This was one of my favorite series as a kid and I still love it now, but this has always been my least favorite of the four books, and nothing about it changed my mind this time through. Not that it’s bad, but I do have some issues with it, and I don’t like Daystar as much as I enjoyed the other narrators.

First off, who names their kid Daystar? I know this book is fantasy and all, but I feel like Daystar is a strange name in this world. I could see it working for the My Little Pony universe, but...more
Barbara ★
I didn't love this one but I did enjoy it. It was a little too childish unlike the others in the series which were a little more grown up. Surprisingly enough the main character in this one is a 16 year old boy but the antics of the people (and things) he met on his journey were very childish. I found it irritating at times but persevered just to find out if Daystar was going to save the King of the Enchanted Forest.

This is different than the other books in the series as it is a coming of age st...more
I was going to type a review, but my mind went blank. >.> Let's see - it was better than the previous book, had a lot more action (though rather tame for something with a war), and a long summary of events in the last chapter, which I didn't like. If the series had been memorable enough, why recap it? Felt like the author was unsure of her work or something, and felt a need to explain things and tie up lose ends which could not be more subtly incorporated as part of the narration. Kinda la...more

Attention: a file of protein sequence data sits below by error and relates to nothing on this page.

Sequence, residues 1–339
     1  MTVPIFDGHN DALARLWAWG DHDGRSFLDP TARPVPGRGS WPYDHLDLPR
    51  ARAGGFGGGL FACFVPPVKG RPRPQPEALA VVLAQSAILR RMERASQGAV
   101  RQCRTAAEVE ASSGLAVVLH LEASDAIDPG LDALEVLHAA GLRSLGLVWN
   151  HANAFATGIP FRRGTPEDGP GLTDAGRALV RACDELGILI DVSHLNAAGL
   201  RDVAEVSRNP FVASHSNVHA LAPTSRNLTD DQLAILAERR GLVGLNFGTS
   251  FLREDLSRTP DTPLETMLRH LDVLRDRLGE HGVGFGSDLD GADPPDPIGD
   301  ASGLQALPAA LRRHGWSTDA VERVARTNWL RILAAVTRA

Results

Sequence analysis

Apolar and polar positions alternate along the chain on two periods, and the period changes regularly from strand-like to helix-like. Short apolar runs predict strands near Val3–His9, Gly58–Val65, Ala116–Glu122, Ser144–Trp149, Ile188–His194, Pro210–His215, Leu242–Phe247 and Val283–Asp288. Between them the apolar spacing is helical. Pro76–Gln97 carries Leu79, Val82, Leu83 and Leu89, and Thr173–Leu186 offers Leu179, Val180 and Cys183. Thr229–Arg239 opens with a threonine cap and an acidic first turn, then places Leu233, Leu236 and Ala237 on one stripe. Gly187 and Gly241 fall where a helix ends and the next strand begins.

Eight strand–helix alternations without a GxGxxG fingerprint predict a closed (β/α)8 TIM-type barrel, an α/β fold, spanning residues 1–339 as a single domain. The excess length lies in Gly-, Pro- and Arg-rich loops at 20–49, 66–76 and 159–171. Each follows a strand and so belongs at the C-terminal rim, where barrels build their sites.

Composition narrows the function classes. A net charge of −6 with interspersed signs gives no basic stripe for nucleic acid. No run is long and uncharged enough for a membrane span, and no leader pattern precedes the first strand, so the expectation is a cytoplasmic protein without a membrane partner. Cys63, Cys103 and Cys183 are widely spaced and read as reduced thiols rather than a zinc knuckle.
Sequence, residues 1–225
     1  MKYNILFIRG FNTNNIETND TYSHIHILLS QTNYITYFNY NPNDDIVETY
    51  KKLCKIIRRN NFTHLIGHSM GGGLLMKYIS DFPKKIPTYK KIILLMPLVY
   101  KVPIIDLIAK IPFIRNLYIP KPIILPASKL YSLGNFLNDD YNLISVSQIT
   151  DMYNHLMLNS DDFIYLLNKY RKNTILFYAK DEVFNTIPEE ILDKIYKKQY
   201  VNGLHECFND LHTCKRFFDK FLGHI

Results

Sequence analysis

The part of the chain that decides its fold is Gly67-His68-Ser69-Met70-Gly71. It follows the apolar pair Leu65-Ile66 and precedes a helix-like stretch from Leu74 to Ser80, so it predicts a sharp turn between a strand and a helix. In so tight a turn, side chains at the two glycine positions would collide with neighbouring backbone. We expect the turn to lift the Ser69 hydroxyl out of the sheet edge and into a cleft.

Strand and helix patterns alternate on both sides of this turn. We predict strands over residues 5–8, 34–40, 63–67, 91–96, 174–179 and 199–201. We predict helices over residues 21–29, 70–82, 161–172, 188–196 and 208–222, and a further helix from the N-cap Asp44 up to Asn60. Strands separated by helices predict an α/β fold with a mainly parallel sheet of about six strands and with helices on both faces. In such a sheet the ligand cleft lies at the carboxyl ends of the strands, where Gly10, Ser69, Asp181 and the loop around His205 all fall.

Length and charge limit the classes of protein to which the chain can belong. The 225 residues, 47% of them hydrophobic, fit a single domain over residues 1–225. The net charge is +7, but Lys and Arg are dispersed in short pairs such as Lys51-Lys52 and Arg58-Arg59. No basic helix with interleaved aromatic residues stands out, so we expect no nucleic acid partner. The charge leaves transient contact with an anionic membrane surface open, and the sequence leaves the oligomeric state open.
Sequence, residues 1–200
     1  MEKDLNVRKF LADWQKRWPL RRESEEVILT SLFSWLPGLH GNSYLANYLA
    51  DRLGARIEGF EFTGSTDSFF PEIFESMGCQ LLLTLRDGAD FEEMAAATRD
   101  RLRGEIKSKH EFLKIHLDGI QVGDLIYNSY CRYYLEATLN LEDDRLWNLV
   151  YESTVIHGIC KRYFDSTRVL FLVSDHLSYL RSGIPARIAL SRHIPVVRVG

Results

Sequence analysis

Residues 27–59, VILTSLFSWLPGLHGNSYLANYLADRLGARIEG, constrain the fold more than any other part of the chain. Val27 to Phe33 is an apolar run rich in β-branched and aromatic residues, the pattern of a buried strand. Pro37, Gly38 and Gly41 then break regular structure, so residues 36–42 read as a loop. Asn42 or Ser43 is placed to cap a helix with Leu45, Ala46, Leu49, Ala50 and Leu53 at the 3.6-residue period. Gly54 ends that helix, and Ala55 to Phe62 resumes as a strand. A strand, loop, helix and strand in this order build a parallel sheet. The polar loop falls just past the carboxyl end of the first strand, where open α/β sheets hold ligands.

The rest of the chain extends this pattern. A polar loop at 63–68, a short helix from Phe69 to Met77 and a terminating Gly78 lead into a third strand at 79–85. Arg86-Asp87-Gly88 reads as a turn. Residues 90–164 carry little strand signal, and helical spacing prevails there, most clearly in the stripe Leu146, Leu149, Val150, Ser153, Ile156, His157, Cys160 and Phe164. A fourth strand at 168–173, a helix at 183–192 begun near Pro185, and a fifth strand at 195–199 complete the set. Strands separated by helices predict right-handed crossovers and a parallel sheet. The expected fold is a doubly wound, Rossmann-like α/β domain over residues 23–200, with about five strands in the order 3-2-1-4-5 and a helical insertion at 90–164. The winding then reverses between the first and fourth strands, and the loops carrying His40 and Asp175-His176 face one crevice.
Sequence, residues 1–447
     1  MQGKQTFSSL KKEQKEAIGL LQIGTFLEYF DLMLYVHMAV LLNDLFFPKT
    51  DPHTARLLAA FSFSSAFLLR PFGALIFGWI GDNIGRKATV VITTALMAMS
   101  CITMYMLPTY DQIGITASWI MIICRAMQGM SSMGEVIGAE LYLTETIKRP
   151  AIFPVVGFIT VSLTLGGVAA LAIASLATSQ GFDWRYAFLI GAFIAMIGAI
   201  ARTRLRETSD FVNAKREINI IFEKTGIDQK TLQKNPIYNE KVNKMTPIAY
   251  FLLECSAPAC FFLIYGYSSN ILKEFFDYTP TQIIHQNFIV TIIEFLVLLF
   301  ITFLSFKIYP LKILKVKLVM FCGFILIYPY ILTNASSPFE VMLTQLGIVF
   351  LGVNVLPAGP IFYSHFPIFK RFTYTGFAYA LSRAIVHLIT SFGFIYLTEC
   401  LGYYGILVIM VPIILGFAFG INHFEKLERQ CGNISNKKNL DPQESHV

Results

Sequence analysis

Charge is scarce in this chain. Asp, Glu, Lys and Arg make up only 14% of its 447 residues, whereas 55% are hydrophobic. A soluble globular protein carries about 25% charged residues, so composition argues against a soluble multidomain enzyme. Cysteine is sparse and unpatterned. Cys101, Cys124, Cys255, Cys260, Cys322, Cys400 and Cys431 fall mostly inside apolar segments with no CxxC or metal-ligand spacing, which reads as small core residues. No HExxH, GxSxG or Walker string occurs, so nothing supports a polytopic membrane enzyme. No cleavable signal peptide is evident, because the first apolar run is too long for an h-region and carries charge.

The first-person narrative was apparently something of an experiment, and it seems to be one Wrede decided didn't suit her, because few of her other writings (that I've seen) are in the first person.

The naif going off on an inexplicable quest is a fairly common motif for fantasy, and one of the problems I had was that Daystar was too competent from the beginning for it to be quite reasonable to suppose that he was as ignorant as he needs to be to successfully complete his quest. He knows a lot m...more
Alex Murphy
This one isn't really my favorite in the series, perhaps it is because of how this one is written. This one has the first person perspective and all the others are third. Honestly this is my only complaint. Though it wasn't until like two days ago that I discovered that this book was written first, and all the others are only prequels.


Just totally and utterly mind blowing. Especially since in one of the chapters is them recapping all the other books it's crazy how well they...more
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Patricia Collins Wrede was born in Chicago, Illinois and is the eldest of five children. She started writing in seventh grade. She attended Carleton College in Minnesota, where she majored in Biology and managed to avoid taking any English courses at all. She began work on her first novel, Shadow Magic, just after graduating from college in 1974. She finished it five years later and started her se...more
More about Patricia C. Wrede...
Dealing with Dragons (Enchanted Forest Chronicles, #1) Searching for Dragons (Enchanted Forest Chronicles, #2) Calling on Dragons (Enchanted Forest Chronicles, #3) Sorcery & Cecelia: or The Enchanted Chocolate Pot (Cecelia and Kate, #1) The Enchanted Forest Chronicles (The Enchanted Forest Chronicles, #1-4)